I’m positive you know someone in real estate.

You have at least one friend, former classmate, or distant cousin who fills their Facebook wall with new listings and price reductions.

You have — of course — followed this column for a couple of months now, so you know how important a pre-approval is. You have that letter in hand and you’re ready to go. It’s time to call your friend in real estate and start looking, right? Wrong; it’s time to do a little homework to ensure you and said real estate friend are a good fit.


As of July 25, the Tahoe/Sierra Board of Realtors, which serves the North Lake Tahoe and Truckee regions, listed 789 active real estate agents. Meaning, you have a vast selection of agents to hire for the job of purchasing or selling your home. You can’t be blamed for wondering how in the world you are supposed to choose just one of those 789.

I’ve compiled some tips to help navigate the astounding number of options and make sure you’re headed in the right direction.

STEP ONE: Ensure your agent is able to keep up with trending technology

To successfully represent you in the purchase or sale of your home, your agent should be confident in navigating today’s highly technological world. If your direct agent isn’t well-versed, ideally they have someone on their team who can assist in guiding you through the channels.

We are living in a society where social media is highly prevalent, regardless of whether we like it or not. If you’re selling your home, your agent should be advertising the listing on social media channels. If you’re purchasing a home, your agent should be following other agents’ pages for “coming soon” or “pocket listings” that haven’t hit the MLS (Multiple Listing Service) yet.

Send an email to the top three agents you have in mind. Then see how long it takes to get a response, and how well they respond. This will give you a feel for the agent before you even speak with them.

STEP TWO: Ensure your agent is local

How can your realtor represent you on a property in Truckee/Tahoe if they’re living in San Francisco? Sure, if licensed in California, an agent is able to do business anywhere in the state. But does that mean they should?

You want an agent who lives locally: Someone who can meet you the day you call and know the property you’re talking about without having to look it up first; an agent whose full-time career is real estate.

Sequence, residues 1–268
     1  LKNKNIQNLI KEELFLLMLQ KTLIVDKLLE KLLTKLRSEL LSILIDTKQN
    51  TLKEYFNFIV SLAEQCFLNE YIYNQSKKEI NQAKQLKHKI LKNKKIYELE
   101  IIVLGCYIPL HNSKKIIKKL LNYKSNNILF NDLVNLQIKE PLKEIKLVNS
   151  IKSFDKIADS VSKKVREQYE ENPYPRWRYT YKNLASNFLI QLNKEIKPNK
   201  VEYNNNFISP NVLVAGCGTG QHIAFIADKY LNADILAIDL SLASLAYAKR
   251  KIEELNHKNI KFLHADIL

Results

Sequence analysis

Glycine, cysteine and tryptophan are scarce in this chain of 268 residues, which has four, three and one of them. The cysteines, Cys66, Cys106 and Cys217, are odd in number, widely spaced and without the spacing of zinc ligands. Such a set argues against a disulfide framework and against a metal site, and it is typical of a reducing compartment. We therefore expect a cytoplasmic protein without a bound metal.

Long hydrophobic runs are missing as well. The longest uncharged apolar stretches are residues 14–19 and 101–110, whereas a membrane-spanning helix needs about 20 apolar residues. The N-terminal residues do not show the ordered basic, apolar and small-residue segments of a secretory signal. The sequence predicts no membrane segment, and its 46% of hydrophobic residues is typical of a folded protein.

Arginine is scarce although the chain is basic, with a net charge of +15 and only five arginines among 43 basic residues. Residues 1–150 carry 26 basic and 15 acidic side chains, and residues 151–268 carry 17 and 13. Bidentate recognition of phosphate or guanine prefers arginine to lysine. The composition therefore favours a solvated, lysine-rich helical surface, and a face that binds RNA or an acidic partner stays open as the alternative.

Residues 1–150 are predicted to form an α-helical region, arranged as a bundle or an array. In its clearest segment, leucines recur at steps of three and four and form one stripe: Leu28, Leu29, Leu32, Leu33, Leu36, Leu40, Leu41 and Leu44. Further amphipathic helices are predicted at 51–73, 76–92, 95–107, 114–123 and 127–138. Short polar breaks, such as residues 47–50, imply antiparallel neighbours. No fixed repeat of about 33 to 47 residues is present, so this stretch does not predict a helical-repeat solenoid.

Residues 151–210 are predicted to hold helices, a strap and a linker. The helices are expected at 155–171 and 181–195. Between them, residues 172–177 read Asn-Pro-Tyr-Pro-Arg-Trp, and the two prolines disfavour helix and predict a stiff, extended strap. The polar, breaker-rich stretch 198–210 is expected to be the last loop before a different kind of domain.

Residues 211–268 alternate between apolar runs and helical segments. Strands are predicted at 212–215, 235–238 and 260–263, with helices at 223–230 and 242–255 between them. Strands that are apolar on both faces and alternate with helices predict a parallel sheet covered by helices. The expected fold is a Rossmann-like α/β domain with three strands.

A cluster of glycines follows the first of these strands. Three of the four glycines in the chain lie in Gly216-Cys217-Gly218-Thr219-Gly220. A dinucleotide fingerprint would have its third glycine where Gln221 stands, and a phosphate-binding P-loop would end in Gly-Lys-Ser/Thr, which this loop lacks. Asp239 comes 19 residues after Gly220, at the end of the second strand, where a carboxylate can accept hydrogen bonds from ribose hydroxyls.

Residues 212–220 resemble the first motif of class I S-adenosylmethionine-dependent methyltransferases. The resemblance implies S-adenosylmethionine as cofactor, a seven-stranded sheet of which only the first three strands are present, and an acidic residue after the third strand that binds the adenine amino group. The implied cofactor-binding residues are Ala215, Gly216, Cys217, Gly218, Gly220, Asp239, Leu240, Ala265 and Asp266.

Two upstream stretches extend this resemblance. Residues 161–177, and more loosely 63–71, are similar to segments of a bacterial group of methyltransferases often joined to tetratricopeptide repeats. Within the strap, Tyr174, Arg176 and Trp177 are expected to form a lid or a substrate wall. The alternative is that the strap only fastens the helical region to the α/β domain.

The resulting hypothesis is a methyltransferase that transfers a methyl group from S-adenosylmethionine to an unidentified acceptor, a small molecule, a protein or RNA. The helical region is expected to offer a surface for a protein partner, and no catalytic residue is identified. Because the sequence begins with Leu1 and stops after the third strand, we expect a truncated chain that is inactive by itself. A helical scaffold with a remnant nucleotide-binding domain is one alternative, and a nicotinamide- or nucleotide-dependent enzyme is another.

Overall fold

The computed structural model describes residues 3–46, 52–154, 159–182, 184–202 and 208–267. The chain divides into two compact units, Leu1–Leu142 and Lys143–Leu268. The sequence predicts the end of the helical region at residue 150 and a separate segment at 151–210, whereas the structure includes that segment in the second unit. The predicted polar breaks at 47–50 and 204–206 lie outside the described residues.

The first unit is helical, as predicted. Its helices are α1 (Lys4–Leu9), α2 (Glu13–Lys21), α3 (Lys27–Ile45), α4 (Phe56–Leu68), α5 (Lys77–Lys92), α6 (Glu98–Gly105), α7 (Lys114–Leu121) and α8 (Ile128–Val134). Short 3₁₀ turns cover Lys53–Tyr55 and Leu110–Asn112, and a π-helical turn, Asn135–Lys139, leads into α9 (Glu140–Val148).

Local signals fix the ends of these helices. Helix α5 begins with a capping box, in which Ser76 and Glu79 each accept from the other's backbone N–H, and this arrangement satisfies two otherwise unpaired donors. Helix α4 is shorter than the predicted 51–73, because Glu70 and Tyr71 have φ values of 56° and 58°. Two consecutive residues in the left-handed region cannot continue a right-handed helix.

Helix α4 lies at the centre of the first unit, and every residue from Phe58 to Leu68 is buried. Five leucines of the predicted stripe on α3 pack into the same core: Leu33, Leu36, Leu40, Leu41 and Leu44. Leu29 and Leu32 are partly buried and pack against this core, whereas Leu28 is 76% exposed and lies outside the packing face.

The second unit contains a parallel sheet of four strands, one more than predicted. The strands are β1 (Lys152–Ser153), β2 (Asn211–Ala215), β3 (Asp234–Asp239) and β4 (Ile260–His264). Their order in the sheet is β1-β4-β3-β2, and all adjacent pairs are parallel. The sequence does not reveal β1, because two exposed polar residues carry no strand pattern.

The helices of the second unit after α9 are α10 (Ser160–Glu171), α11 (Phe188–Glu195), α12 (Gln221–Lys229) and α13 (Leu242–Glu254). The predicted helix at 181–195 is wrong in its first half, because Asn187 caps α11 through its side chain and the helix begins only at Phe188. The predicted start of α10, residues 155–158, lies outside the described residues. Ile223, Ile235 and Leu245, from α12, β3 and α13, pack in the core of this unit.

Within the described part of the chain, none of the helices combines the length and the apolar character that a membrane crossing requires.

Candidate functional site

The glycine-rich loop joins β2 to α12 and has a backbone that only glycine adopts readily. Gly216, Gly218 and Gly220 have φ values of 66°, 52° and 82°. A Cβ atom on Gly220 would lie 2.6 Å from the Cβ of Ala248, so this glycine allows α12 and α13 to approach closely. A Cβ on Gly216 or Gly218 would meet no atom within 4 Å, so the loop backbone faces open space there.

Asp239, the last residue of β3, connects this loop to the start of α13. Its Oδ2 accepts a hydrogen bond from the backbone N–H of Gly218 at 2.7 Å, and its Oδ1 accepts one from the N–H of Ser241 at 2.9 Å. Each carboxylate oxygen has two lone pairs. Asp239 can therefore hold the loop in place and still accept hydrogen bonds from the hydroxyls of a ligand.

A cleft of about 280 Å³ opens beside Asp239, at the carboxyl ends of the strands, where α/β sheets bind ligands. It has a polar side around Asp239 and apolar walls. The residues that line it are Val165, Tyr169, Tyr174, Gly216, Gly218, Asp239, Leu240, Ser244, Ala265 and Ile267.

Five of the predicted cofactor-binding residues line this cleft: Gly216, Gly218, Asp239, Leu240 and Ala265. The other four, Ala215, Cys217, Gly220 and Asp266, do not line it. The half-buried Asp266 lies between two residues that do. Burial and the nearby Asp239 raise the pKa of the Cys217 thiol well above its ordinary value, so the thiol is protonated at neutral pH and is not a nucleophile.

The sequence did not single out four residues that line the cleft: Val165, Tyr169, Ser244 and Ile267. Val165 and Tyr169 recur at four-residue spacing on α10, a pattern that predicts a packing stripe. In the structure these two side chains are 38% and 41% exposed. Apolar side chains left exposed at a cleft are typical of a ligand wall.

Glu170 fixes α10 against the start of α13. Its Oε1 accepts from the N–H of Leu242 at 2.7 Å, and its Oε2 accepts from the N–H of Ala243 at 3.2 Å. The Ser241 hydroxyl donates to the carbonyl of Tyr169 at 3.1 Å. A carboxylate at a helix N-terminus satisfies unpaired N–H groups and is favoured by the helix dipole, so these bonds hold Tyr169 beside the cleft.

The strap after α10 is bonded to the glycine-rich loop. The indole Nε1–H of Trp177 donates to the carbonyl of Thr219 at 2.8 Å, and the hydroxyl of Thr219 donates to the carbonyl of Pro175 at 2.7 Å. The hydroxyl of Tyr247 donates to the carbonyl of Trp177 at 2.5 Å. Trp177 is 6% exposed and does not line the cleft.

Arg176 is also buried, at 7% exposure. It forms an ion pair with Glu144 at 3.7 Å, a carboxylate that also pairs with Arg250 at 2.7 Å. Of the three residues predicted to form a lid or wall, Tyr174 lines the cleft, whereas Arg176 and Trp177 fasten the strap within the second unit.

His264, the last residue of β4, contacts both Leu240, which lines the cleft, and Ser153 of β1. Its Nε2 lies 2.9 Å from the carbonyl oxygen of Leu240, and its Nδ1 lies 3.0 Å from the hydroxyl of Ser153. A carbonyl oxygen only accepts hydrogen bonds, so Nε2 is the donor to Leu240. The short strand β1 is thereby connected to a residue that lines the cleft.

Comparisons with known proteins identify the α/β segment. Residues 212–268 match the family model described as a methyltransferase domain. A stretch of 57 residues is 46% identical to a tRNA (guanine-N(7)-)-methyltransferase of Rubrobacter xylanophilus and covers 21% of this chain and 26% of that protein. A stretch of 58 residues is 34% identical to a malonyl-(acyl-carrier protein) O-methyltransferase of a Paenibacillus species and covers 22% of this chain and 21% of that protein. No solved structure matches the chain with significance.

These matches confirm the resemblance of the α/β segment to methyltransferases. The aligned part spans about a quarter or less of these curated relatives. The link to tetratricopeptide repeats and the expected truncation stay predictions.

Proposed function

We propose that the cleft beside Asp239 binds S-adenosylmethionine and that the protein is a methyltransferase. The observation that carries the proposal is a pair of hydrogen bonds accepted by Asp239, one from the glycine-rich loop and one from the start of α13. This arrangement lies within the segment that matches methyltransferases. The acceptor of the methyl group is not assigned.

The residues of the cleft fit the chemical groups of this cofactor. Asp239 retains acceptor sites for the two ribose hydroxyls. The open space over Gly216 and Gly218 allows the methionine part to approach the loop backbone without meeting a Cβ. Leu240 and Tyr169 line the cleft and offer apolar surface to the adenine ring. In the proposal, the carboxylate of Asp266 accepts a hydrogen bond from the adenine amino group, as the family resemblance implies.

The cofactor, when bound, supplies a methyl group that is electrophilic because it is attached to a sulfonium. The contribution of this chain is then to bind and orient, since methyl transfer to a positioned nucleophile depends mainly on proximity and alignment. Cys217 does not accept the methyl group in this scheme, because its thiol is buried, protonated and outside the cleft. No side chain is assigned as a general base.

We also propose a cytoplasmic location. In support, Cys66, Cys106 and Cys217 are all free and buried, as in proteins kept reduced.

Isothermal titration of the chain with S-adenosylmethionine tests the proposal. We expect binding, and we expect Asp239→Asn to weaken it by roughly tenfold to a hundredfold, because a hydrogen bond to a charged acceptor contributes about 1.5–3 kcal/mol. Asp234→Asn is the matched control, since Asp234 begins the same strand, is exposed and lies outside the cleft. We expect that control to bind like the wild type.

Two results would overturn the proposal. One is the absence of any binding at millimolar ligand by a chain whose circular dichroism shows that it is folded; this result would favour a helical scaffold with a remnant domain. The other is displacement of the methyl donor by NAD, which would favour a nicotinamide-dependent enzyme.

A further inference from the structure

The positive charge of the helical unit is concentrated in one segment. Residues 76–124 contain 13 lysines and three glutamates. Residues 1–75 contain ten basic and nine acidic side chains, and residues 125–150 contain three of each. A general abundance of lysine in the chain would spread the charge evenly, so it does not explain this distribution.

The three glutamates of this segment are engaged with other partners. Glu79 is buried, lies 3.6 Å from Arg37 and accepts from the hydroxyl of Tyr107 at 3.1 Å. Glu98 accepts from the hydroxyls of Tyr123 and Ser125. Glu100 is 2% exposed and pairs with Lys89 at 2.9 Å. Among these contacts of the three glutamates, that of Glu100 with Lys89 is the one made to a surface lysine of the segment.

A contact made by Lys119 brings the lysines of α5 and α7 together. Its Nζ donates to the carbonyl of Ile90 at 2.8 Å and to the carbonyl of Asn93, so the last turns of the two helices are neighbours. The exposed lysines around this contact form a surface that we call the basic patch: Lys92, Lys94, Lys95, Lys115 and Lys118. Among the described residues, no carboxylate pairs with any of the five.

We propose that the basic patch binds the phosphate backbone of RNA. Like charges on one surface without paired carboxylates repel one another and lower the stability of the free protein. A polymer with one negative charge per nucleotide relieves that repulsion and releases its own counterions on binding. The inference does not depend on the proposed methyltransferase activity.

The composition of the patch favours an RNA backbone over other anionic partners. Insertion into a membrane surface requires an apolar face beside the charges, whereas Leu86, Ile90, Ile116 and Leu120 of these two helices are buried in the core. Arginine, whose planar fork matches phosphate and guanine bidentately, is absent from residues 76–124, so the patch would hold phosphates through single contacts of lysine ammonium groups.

You want that agent to know what the neighboring house sold for last fall, or that there are plans to build on the property behind you — which will dramatically affect the peaceful, natural landscape you might see in the photos.

In my opinion, having an out-of-area agent list a property in the Truckee/Tahoe region is a disservice to the seller and to buyers attempting to purchase the property.

STEP THREE: Communication

This is, by far, the most crucial step.

Life is extremely busy, and coordinating a time that works for both the client and agents can at times be complicated. Most buyers and sellers have full-time 9-to-5 jobs, so that their time to work on real estate is after these hours.

You want to find an agent that is flexible and willing to meet with you during off-hours. If your agent is on a strict 9-to-5 schedule, it may be hard to work with that particular agent. Depending on your availability, you may need the agent who answers their phone at 7 p.m., or is awake answering emails at 6 a.m.

STEP FOUR: Ensure you LIKE your agent

The agent you choose should be honest, trustworthy, and someone you generally enjoy being around.

As a buyer or seller, it’s important to understand that you and your agent will be spending massive amounts of time together over the next few months. The process of buying or selling a home can take 30 days, it can take 90, or it can take a year. Your communication may not always be in person, but hours spent over the phone, text, or email will add up quickly.

At the end of the day, a purchase or sale of a home is only a transaction, but to me, it’s also about creating a relationship. One where the buyer or seller has instilled enough trust into their agent to navigate them through what likely will be the biggest purchase of their life. I’m not only honored when a client chooses me to represent them, but I have a moral obligation to fight for them.

Many people avoid putting effort into finding the right agent because someone they know or love may be in the business, but it’s vital to do your research before signing up with an agent.


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